The trend is the use of cleaner lines and easier maintenance, but all still done in a warm, organic style. For example, I am using a lot more porcelain flooring that looks like wood. And I am using manmade solid surfaces more often than I am using natural stone slab such as granite and marble. 

Describe your dream property. 

A Dwell-like modern, cube-shaped house with all glass on one side overlooking a vast open view of either the mountains or the desert and no other houses in sight.

What’s your favorite part of your home?

It’s the fact that I didn’t use white paint anywhere. All of the colors I used are warm grays and natural earth tones, which create a very soothing environment. I also have a fantastic view of rolling green hills outside the rear of my home, which is like an Impressionist painting.

JULIE LAUGHTON

28885 Woodspring Circle, Trabuco Canyon, CA 92679 ~ 714.305.2861 |  JulieLaughton.com

Crown in the Canyon

A French Mediterranean estate transforms everyday living into art... and brings nature along, too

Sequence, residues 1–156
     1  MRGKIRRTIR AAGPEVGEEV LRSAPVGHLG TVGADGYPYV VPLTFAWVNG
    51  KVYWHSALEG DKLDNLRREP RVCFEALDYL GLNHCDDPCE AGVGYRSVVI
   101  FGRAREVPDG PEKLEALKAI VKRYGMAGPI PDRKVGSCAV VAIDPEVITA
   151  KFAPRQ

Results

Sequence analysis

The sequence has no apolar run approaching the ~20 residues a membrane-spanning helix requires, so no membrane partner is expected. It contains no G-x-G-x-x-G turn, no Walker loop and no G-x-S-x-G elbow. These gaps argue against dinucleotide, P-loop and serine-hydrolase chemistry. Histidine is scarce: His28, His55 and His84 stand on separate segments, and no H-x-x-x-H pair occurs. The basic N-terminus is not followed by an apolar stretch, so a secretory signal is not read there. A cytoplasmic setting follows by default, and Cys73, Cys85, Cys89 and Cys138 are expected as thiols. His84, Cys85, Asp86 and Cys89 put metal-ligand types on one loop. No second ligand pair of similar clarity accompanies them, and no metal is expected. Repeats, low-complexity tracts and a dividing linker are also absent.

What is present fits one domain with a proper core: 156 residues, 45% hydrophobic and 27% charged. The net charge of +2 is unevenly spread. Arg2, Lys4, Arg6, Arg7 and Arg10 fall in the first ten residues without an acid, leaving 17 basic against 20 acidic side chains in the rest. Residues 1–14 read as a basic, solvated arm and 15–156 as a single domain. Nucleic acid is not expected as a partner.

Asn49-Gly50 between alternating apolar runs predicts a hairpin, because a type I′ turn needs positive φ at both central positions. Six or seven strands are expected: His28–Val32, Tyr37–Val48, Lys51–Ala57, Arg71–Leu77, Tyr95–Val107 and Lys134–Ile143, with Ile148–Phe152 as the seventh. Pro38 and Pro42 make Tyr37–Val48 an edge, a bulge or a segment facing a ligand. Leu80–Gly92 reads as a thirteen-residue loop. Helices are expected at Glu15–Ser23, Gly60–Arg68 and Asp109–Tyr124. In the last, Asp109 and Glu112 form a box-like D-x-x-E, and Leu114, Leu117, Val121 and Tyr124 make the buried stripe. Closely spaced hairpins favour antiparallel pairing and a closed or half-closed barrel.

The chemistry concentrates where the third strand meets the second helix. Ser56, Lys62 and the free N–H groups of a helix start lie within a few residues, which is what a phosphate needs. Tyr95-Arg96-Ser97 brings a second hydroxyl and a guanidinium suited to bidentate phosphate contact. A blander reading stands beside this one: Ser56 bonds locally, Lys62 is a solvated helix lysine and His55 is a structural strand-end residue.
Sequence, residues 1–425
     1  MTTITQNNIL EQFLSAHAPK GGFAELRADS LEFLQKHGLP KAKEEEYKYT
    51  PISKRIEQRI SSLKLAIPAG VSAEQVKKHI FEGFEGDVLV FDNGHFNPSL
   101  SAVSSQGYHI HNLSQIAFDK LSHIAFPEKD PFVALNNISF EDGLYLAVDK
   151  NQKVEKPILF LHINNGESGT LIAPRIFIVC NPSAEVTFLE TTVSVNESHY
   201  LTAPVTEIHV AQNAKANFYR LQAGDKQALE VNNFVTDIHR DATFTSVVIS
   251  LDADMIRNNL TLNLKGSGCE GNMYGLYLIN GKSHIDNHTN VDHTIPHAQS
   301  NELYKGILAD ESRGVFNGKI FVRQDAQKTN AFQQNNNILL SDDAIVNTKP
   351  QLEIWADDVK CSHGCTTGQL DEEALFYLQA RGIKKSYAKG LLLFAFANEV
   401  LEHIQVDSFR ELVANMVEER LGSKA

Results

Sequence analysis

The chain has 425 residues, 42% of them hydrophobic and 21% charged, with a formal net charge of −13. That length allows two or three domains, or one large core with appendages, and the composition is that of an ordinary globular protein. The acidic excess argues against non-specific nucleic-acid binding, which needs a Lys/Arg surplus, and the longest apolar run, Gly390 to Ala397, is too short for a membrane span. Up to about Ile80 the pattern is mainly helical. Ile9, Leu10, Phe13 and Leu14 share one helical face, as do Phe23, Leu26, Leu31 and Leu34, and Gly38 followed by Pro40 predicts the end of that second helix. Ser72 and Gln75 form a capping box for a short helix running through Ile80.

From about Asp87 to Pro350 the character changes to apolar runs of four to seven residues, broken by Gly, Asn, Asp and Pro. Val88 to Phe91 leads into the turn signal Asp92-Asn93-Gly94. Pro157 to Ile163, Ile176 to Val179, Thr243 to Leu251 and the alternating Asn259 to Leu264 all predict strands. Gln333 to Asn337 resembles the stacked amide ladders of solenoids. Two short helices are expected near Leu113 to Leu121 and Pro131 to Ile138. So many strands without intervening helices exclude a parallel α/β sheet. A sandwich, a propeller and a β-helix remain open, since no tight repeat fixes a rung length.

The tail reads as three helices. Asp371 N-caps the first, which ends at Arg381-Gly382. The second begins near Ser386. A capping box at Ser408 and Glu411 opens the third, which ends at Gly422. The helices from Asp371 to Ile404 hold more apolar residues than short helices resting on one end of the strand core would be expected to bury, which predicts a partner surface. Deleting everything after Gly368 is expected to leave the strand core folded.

Written by Constance Dunn     Presented by Chris Valli, Surterre Properties

As you glide from the freeway towards Shady Canyon, it’s easy to see what inspired James Irvine and his partners to scoop up as much of this natural bounty as they could back in the late 1800s. Clean, gentle air whistles softly across the land and a peaceful expanse of rolling hills and valleys cradle a picture-book Californwwwia landscape, still vastly unspoiled. 

Once you enter the private community, there’s more of the same. Landscaped blocks of greenery and quiet, punctuated by a collection of homes, luxurious and symmetrical in their style, each a type of classic Mediterranean. Open-air floor plans, flush with courtyards and breezy alcoves, make it an architectural style ideally suited to Southern California’s kind year-round climate and pleasing scenery.